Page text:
Seeds, corms, bulbs, tubers and rhizomes are all means of plant reproduction. Growers need to know the differences amongst them, as they all require different treatment.

What is a seed?

A seed is the means by which flowering plants (angiosperms) and plants with cones (gymnosperms) make sure that their species continues. A seed is an organ of reproduction. It contains a tiny plant or embryo and, sometimes, the endosperm or stored food for the plant and they are covered in a seed coat. The embryo consists of a root, a stem and one or more leaves.

The variety in size and shape of seeds is almost endless. Seeds also vary greatly in the way that they travel from the mother plant. Some are carried by the wind or birds, some attach themselves to animals or insects, some float on water and some plants burst open to scatter their seeds.

Corms

A corm is a modified underground stem that has been developed to store food. It is covered by a tunic. At the bottom of the corm there is a basal plate and the roots emerge from that. A corm has one or more growing points at the top.

Popular South African flowers, gladioli and freesias, are amongst the flowers that grow out of corms. Yams and Chinese water chestnuts are amongst some of the corms that people eat. The African Potato (Hypoxis hemerocallidea) grows out of a corm and is valued for its medicinal properties.

Bulbs

A bulb is also a modified stem, which is the resting stage of certain seed plants. It is shaped like a globe, which narrows to a point at the top. The stem and leaves grow out of this point.

There is a flat part at the bottom, called the basal plate, from which the roots grow.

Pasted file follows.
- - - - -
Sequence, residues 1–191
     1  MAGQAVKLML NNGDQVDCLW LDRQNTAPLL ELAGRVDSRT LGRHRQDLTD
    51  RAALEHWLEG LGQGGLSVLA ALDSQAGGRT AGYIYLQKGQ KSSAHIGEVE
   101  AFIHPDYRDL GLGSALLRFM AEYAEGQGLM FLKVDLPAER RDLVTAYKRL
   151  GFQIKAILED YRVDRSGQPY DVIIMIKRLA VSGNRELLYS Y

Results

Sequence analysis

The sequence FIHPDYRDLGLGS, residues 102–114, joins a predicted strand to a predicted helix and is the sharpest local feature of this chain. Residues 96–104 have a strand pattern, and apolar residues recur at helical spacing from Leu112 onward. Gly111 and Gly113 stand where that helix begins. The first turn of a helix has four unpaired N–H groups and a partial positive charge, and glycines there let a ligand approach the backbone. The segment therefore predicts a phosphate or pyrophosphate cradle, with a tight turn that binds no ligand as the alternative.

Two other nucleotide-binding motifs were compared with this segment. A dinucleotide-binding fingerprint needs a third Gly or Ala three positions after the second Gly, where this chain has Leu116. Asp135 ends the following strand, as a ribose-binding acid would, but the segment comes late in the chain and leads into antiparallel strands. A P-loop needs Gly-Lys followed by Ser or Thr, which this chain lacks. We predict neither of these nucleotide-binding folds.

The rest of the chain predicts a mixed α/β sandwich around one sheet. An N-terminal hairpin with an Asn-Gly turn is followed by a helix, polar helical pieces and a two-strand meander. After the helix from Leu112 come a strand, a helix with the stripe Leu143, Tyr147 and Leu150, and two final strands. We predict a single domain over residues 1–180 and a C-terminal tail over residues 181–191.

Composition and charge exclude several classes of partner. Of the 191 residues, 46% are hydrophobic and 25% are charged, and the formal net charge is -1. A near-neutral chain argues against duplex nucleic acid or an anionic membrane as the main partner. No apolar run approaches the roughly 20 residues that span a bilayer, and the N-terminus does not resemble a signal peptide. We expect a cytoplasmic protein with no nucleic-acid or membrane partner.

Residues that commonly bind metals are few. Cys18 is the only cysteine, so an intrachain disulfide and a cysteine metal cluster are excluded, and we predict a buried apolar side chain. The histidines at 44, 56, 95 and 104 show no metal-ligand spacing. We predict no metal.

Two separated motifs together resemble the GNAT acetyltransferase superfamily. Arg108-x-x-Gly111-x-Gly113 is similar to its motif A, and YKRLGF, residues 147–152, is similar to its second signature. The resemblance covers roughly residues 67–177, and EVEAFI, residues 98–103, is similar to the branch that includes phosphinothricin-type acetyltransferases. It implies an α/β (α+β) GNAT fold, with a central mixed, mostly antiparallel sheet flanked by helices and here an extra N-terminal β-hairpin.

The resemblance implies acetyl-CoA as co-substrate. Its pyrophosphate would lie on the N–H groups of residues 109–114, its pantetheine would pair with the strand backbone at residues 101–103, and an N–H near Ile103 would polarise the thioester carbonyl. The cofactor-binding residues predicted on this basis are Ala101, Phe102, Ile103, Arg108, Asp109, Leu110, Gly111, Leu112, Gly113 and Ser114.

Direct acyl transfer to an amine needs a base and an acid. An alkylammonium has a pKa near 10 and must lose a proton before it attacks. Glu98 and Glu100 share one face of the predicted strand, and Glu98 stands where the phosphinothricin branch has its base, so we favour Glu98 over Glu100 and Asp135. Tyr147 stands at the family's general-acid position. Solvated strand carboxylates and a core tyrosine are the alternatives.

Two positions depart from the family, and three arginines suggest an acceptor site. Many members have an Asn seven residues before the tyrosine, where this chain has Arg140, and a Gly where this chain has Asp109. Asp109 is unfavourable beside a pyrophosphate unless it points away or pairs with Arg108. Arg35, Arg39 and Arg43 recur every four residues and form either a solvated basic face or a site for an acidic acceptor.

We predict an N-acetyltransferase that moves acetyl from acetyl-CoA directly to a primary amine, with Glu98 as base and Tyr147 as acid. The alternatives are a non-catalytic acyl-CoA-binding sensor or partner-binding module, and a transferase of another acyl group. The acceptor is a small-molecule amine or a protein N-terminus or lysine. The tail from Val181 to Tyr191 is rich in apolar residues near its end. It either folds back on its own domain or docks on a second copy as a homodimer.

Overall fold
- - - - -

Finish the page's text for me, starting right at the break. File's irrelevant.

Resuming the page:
Sometimes the bulb has a covering of a thin, papery layer ~ like that of the onion. Other bulbs, such as the lilies, do not have this tunic.

Bulbs are made up of rings, which are called scales and which are actually modified leaves, in which they store food.

Well known indigenous flowers from bulbs include Sparaxis, ixia and babiana. Some flower bulbs, such as the chincherinchee, are poisonous to humans and animals.

Edible bulbs include onion, garlic, shallots and leeks.

Seeds, bulbs, corms, rhizomes, seedlings
Tuberous roots, African Potato corms and onion bulbs.

Rhizomes

A rhizome, which is sometimes called a creeping rootstalk, is a stem which grows horizontally underground and which is able to produce the shoot and roots of a new plant. The plant uses the rhizome to store starch and protein.

Bamboos, water lilies and many ferns grow from rhizomes. Rhizomes that we eat include ginger, turmeric and lotus.

Tubers

A tuber is yet another specialized stem used as storage by a plant while it is resting. Tubers grow under the soil and are usually quite short. They have several growing points, called eyes. They do not have tunics or basal plates.

Potatoes are the best known tubers. The Jerusalem artichoke is also a tuber.

Tuberous roots, such as sweet potatoes and cassavas, are different from tubers.

Indigenous knowledge

There are members of our communities who know of seeds, corms, rhizomes and tubers that can be found in the veld that are safe to eat.

Seedlings

A seedling is a very young plant that has grown from an embryo in a seed. When the temperature, water and oxygen are right for that particular species, a seed will sprout. We call this germination.

Smallholders will buy vegetable seedlings to save time. Vegetables planted from seed will take weeks longer to reach harvest state that those planted as seedlings. The nursery has taken the risk out of planting, as you are buying the successful plants. You cannot control the weather and the nursery staff has taken care of disease and pests.

On the other hand, some seeds germinate relatively quickly, such beans. Planting from seed also makes succession planting easier.

Seeds, bulbs, corms, rhizomes, seedlings
Beans germinate quickly.

If a small farmer is planting vegetables to sell or to help feed the poor, it will prove too expensive to grow from seedling.

This is part of a five-part series on seeds and plant nutrition. To ensure you don’t miss out on the rest of the series, subscribe here to receive our Feature Newsletter at the end of the series.

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